JM: The most important thing right now is for everyone to be observant of measures that are intended to slow the spread. Wear a mask, practice social distancing, and be thoughtful about attending events or gatherings. The cause is to keep the nation healthy, and the best way to do that wherever you live in the country is to wear a mask and be aware that this is real and we do not have any inherent immunity to it.

WM: Your career is unlike most Wharton grads. What led you to pursue a path in emergency medicine?

JM: I was quite young going to business school compared to my classmates. I was about 24 or 25 and had one job before arriving at Wharton, working as a subcontractor for the U.S. government. I didn’t go to business school to be a banker or consultant, although I did both of those things after getting my degree. From early on, I wanted to — not to be cliché — help people. I chose to go to business school because at the time I was really interested in female-owned businesses for wealth creation in Africa.

My world opened up at Wharton, and I thought, “I should really learn how to use these skills; I should really understand finance and how it’s applied, the markets, how businesses are run.” I spent a year in investment banking at Bankers Trust after and then did four-and-a-half years consulting at Monitor. For roughly my last two years at Monitor, I worked in pharmaceutical consulting, where I did market research and spoke to doctors. That helped me realize that I wanted to do something more hands-on. It took me a long time to make the switch. The pivot wasn’t a sharp turn; it was a long, curved arc of discovery and questioning.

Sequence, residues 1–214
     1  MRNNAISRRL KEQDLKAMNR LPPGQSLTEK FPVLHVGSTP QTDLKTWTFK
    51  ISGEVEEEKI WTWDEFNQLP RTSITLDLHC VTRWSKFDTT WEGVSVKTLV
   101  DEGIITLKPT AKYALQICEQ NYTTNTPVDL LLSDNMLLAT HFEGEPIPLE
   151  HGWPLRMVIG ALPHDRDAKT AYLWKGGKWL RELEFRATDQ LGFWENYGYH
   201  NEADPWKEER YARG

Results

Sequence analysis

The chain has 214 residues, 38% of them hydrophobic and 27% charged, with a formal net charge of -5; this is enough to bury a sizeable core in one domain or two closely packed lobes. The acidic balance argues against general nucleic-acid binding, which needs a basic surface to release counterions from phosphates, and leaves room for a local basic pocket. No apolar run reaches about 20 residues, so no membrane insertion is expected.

WM: You also manage service grants as part of your work. Can you talk a little about them?

JM: For the last four years, I’ve had two publicly funded grants — one through New York State and one through the New York City Department of Health and Mental Hygiene. The health department grant is to help provide appropriate medical care for HIV-positive patients and HIV-negative patients who are at risk of becoming HIV positive — for example, making sure HIV-positive patients are on antiretroviral treatment and can keep their viral loads down, and for HIV-negative patients who are at higher risk, making sure they get medicines or have access to a doctor to speak about anything they need to remain HIV negative.

The other grant is through New York State’s Office of Addiction Services and Supports and is a response to the opioid pandemic, which we don’t really talk about much anymore, but it’s still out there.  The grant was to initiate buprenorphine, which is a treatment for opioid withdrawal, in the emergency department. Both grants are ending this year, and continuous funding will be delayed because of COVID, but I am hopeful that some aspect of these programs can continue until funding is available.

WM: With all the grim news in the past few months, is there anything in particular that’s kept you optimistic?

JM: Frankly, it’s been really hard at times. My three children and husband have been helping me tremendously. Being a mother has been particularly helpful because it’s kept me grounded. Also, my friends; I have a Lauder friend, Allison Berey G94 WG94, who texted me every day in March and April to check in on me, and I had a neighbor who cooked for me because my family wasn’t around for a couple weeks. I would come home and she would have dinner at my back door every day. These small acts of kindness really helped.